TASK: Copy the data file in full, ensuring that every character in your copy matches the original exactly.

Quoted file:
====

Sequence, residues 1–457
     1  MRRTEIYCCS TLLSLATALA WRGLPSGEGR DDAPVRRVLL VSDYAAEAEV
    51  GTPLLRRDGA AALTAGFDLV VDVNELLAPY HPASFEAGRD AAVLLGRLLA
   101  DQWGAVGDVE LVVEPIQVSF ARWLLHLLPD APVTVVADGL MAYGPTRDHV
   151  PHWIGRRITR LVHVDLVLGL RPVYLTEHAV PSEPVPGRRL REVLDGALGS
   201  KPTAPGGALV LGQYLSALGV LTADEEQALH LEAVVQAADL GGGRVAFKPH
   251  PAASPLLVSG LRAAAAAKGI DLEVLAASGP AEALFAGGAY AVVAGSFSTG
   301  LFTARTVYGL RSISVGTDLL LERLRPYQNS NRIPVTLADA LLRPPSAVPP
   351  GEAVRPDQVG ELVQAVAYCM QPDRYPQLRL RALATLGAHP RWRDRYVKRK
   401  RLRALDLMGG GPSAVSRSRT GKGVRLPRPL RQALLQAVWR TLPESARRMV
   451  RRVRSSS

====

Sequence, residues 1–457
     1  MRRTEIYCCS TLLSLATALA WRGLPSGEGR DDAPVRRVLL VSDYAAEAEV
    51  GTPLLRRDGA AALTAGFDLV VDVNELLAPY HPASFEAGRD AAVLLGRLLA
   101  DQWGAVGDVE LVVEPIQVSF ARWLLHLLPD APVTVVADGL MAYGPTRDHV
   151  PHWIGRRITR LVHVDLVLGL RPVYLTEHAV PSEPVPGRRL REVLDGALGS
   201  KPTAPGGALV LGQYLSALGV LTADEEQALH LEAVVQAADL GGGRVAFKPH
   251  PAASPLLVSG LRAAAAAKGI DLEVLAASGP AEALFAGGAY AVVAGSFSTG
   301  LFTARTVYGL RSISVGTDLL LERLRPYQNS NRIPVTLADA LLRPPSAVPP
   351  GEAVRPDQVG ELVQAVAYCM QPDRYPQLRL RALATLGAHP RWRDRYVKRK
   401  RLRALDLMGG GPSAVSRSRT GKGVRLPRPL RQALLQAVWR TLPESARRMV
   451  RRVRSSS